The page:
New Green MP Caroline Lucas is jointly heading up attempts to give voters the option of Proportional Representation in May's electoral reform referendum.
At the moment, the ballot in 2011 will only give one option on the voting paper - to support the non-proportional Alternative Vote (AV) system, or else to keep the current 'first past the post' one which consigns millions of votes to the waste bin.
Teaming up with Ms Lucas, leader of the Green Party in England and Wales, and MP for Brighton Pavilion, is a Conservative backbencher, Douglas Carswell.
They hope to attract support from centre-left MPs ranging from Labour reformers to Liberal Democrats who want voting system change but are against AV.
The idea is to move a series of amendments to the Electoral Reform Bill in the House of Commons next week. The aim is to give voters the "fullest range of options possible" in the referendum.
Mr Carswell made his bid at a fringe meeting for the Conservative Party conference meeting in Birmingham.
He said AV was "a reform that was picked by politicians trying to cobble together a coalition in order to gain power" and that it would "guarantee that we move to an even more bland and generic way of doing politics".
Dr Lucas also backs either the Single Transferable Vote system (STV) or the Additional Member System (AMS), under which MPs from a party list are added to their total to reflect the share of their vote.
The proposed amendment says voters should be asked if they want to keep the status quo, and if not which of four voting systems would they prefer - AV, STV, AMS or AV Plus, where top-up seats are allocated in line with a party's share of the vote.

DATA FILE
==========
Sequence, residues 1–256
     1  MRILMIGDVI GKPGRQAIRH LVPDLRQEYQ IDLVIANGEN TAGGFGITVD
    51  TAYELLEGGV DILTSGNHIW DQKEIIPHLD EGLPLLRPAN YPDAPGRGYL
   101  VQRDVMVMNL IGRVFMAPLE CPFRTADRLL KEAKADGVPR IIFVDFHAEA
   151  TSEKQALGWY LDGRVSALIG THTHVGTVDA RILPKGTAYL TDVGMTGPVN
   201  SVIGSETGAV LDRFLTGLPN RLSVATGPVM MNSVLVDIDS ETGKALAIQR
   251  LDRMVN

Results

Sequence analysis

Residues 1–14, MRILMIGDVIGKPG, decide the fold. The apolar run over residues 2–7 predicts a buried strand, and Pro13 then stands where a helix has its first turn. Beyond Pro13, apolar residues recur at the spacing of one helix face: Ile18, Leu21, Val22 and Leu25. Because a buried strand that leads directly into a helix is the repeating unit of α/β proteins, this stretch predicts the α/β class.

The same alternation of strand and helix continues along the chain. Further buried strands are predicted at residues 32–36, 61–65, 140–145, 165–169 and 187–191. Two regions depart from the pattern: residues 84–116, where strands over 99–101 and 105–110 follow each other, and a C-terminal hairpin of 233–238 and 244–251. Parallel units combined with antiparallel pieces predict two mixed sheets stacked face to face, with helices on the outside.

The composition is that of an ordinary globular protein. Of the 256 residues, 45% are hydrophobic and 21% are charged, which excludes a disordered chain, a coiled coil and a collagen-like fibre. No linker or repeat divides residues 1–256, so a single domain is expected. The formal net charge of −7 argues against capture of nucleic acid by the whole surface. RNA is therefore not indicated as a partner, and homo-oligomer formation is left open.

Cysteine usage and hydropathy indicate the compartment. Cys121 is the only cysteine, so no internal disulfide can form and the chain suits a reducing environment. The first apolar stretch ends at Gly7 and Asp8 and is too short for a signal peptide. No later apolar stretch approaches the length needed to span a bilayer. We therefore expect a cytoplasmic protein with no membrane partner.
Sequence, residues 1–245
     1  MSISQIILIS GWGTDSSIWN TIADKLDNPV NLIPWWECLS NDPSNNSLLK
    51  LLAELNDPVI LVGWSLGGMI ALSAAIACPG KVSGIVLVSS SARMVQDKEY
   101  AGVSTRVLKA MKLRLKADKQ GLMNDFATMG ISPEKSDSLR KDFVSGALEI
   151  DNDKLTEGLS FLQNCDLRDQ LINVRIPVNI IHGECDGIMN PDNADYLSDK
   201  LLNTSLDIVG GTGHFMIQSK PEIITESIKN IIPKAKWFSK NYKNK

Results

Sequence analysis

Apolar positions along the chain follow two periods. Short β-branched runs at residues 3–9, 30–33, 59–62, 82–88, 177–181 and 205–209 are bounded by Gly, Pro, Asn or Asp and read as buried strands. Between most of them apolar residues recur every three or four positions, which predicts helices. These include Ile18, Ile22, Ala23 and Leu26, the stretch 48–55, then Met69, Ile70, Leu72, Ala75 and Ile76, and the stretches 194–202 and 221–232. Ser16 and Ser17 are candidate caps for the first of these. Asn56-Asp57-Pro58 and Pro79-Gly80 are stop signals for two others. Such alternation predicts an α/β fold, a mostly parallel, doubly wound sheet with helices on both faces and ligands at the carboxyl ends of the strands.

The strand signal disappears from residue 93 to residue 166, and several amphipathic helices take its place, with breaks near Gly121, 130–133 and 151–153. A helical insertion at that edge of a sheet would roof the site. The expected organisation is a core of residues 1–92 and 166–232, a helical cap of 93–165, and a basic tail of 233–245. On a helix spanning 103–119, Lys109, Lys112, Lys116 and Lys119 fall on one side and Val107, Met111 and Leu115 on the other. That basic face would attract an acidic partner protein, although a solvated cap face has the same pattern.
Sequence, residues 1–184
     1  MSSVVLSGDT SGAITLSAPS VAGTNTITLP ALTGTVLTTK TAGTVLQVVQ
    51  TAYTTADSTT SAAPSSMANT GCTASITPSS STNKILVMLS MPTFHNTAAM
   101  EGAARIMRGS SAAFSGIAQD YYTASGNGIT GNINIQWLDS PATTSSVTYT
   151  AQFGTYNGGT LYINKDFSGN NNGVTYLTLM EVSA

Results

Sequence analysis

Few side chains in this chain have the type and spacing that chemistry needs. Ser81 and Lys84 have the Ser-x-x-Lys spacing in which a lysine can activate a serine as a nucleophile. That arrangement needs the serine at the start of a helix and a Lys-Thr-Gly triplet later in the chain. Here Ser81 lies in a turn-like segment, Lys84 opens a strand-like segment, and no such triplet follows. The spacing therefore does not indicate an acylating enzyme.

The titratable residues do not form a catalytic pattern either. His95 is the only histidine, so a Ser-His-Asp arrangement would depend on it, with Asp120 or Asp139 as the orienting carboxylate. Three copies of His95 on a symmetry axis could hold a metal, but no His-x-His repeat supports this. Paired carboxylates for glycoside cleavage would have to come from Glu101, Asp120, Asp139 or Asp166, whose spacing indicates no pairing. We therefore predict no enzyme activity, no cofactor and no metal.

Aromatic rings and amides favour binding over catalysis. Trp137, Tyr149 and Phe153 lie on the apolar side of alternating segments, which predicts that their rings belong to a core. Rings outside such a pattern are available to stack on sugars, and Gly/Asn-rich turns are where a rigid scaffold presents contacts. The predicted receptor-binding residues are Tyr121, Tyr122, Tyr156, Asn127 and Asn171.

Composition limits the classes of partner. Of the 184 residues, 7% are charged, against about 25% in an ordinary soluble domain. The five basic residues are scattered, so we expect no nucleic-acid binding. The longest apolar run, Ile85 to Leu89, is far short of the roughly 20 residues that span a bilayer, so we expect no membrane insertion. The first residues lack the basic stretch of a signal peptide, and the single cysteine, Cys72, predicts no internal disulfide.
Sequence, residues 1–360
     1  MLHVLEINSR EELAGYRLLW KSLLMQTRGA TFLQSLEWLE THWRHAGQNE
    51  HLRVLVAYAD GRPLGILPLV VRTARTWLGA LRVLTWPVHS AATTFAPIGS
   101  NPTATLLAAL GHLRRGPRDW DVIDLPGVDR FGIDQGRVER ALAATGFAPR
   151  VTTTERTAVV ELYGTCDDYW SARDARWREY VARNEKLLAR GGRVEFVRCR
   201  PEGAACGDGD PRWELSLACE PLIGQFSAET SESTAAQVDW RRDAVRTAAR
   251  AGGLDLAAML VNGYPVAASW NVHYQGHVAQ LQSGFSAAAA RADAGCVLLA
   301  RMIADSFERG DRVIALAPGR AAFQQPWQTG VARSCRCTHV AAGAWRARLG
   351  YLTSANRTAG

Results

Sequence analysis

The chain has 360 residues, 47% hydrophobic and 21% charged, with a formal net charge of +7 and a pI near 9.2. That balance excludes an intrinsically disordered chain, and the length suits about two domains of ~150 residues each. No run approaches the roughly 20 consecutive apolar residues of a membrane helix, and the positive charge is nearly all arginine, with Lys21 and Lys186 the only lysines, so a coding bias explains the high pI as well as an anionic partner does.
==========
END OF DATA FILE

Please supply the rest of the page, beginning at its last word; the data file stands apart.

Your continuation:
The move to include proportional options has been strongly backed by reform campaign Unlock Democracy.
Simon Barrow, co-director of the beliefs and values think-tank Ekklesia, which was an active participant in the Power 2010 reform coalition in the run-up to the last General Election, commented: "Voting reform is not just a political issue. It is a moral one too. The move to include genuinely proportional options in the Electoral Reform Bill is a very important one. This is about whether ordinary people are given a genuine say in how Westminster operates, or whether the self-interest of career politicians is allowed to block change before it has been properly considered. "
"If the choice is between AV and the current first-past-the-post lottery, a step towards wider reform is undoubtedly better than maintaining the status quo, especially from the viewpoint of millions of people whose votes do not presently count. But wider change is backed by an emerging cross-party coalition and by a huge range of civic and faith groups. It is about principle not partisanship," he said.
The Greens' Dr Lucas has also called for sweeping reform of the way Parliament works to make it more inclusive.
"The Palace of Westminster is like a beautiful museum," she says in a Readers Digest article this month. "But it's the only museum where the staff and members are forced to behave like exhibits."
The new MP writes publicly for the first time of her frustrations in the first three months of her career at Westminster, and of her hopes for change.
She describes how inefficient she finds Westminster compared with the European Parliament in which she sat for more than a decade.
It took well over a month for Parliamentary officials to find an office for its first Green Party member, during which time her working base was "a variety of cafes".